Institutional husbandry standards and practices are the category that I think results in the most welfare “being left on the table”. The main reason for this is that these standards and the institutional mindset as a whole regarding animal welfare affect every animal on-site either positively or negatively, often regardless of the individual efforts of animal care staff. An animal care institution needs to have animal welfare at the forefront of every single decision they make and every action they take, without exception. There are many aspects to running a zoo that are extremely important, from revenues, visitor satisfaction, employee satisfaction and safety. Still, in order to ensure that welfare isn’t being left on the table, animal welfare needs to be held at the same level as a lot of these “stakeholders” and often take priority in decision making. With animal welfare at the forefront of an institution’s mind, animal care management needs to empower their staff to make animal welfare a priority and make sure it is held in the highest regard by everyone involved in animal care. If a manager or supervisor does not have animal welfare at the forefront of their mind, they can make positive changes in welfare hard for their staff to make which in turn will negatively affect staff morale and satisfaction. Management needs to clearly communicate animal welfare standards and practices that are expected of animal care staff and hold people accountable at all levels, that are not meeting these standards. For example, if you hear the phrase “oh they are just old school and don’t believe in training and enrichment” at your institution, this is a sign that this accountability process is not in place, and welfare is being left on the table.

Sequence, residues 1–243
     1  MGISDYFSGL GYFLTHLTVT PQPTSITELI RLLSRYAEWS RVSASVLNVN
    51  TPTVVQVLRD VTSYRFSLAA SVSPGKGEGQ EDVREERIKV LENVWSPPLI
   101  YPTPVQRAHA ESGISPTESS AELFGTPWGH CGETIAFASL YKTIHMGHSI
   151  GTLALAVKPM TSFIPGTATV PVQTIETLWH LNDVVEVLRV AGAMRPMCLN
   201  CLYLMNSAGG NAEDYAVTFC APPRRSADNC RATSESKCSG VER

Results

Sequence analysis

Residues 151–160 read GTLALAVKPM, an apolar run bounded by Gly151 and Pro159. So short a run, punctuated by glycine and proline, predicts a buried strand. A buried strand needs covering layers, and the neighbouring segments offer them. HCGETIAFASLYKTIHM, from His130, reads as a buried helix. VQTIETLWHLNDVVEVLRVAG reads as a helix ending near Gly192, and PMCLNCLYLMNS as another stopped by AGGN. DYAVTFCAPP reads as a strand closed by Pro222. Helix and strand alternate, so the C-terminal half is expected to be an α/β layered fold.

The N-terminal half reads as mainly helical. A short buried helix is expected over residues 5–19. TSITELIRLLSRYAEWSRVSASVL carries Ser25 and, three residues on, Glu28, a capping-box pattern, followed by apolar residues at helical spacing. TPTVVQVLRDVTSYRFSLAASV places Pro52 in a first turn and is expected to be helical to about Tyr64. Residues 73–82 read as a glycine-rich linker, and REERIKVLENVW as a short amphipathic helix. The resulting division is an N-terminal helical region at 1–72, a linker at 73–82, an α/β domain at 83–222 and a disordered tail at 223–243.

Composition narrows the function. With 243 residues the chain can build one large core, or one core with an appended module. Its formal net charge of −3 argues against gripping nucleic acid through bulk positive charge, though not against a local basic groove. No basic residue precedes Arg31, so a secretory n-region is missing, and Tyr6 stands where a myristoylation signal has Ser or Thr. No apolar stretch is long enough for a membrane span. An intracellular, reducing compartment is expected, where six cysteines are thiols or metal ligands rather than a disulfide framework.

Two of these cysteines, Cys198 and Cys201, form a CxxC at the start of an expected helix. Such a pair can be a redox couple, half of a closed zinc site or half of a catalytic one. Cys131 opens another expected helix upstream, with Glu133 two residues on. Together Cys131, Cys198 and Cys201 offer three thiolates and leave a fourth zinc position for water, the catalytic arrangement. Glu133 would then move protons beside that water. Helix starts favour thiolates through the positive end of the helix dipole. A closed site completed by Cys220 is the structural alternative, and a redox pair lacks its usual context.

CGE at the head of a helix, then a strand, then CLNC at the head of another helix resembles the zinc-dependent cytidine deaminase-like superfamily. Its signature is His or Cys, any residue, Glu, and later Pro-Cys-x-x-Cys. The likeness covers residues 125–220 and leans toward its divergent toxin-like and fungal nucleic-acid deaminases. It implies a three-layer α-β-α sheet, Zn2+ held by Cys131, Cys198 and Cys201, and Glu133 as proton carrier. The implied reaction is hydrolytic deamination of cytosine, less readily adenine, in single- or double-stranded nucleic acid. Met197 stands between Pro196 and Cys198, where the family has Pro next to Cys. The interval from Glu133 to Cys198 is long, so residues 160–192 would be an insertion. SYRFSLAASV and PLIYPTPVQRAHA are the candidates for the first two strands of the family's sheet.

Daily enrichment and training